Director Taika Waititi can't quite re-create the alchemic chemistry of Ragnarok in this serviceable but less exciting sequel, partly because Jane and Thor's romance doesn't spark. Putting the romance between Thor and Jane at the center of the story is unfortunate, because as talented as Hemsworth and Portman are, they have a bland on-screen presence together (especially when compared to Tom Holland and Zendaya, or Elizabeth Olsen and Paul Bettany). Both Thor and Jane have far more interesting relationships with their closest friends -- in his case, Thompson's Valkyrie, and in her case, Kat Dennings' Dr. Darcy Miller. The banter and teasing they have in these platonic friendships far outshines the platitude-filled commentary about the power of love. So it's partly the actors (since this issue also existed in the earlier Thor films) and partly the screenplay, which tells more than it shows about love. Portman has always seemed an odd casting choice in this role, and though she finally has more to do in this movie, the fit still seems off. At least Korg and Valkyrie are there to add humor to the occasionally cringey early encounters between Thor and Jane.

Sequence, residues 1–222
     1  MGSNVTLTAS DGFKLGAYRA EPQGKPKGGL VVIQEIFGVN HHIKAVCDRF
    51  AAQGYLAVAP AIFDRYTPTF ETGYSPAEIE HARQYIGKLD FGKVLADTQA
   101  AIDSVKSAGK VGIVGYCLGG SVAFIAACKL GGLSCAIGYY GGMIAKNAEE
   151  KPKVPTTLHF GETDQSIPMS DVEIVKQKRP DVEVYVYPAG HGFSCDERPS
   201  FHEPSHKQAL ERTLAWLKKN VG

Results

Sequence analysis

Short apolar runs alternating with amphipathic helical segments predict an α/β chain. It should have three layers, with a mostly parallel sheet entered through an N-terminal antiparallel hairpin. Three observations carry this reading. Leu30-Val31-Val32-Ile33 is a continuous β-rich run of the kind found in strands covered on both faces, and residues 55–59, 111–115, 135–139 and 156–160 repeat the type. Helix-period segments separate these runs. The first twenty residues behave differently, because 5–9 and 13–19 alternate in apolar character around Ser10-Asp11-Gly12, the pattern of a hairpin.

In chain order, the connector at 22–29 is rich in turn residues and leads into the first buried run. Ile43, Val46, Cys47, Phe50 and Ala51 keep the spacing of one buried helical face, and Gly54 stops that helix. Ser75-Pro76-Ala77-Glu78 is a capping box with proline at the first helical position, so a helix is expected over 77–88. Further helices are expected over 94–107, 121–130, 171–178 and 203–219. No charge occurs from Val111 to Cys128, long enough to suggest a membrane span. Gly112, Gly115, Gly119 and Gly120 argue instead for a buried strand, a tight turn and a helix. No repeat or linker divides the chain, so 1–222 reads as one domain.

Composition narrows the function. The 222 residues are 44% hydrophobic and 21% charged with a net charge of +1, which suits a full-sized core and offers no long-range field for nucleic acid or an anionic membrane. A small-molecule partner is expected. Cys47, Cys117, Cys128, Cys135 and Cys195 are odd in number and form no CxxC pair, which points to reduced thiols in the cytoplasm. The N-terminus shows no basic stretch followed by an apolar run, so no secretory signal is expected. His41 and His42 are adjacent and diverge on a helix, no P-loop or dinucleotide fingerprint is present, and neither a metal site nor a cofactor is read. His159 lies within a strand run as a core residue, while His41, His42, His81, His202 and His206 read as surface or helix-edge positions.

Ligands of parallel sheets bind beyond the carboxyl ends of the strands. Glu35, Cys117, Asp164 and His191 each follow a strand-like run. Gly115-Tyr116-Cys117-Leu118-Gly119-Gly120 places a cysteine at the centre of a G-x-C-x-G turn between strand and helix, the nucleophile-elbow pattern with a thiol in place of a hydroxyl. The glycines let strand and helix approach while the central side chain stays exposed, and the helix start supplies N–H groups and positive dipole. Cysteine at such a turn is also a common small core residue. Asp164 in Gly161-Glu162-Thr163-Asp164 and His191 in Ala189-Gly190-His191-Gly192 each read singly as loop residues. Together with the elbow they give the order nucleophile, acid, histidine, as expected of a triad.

On the bright side, this Thor, who's vulnerable and open to love, shows more depth than the young, arrogant, and reckless one who didn't think about consequences. He's no longer a selfish god. Speaking of gods, Crowe adopts a strange, pseudo-Italian accent to play a Greek god, and it just doesn't work, which makes Zeus more caricature than actual character. Still, it's fun to watch the former gladiator play an aging and all-powerful god. The land of the gods also leans heavily into Waititi's quirky humor, like when it features Bao, the god of dumplings, or references the not-so-kid-friendly orgy the deities have planned. Just as rock 'n' roll (Led Zeppelin in particular) played a big role in Ragnarok, the music in Love and Thunder is dominated by use of Guns N' Roses' greatest hits, including "Welcome to the Jungle," "Sweet Child O' Mine," "November Rain," and "Paradise City," which are played during key sequences. And kids will appreciate the role that the Asgardian children eventually play in aiding their trio of leaders. They'll also get a kick out of the screaming, flying alien goats who become a running gag. Will this sequel make audiences laugh? Yes. But does it exceed or even meet the expectations set by Ragnarok? No.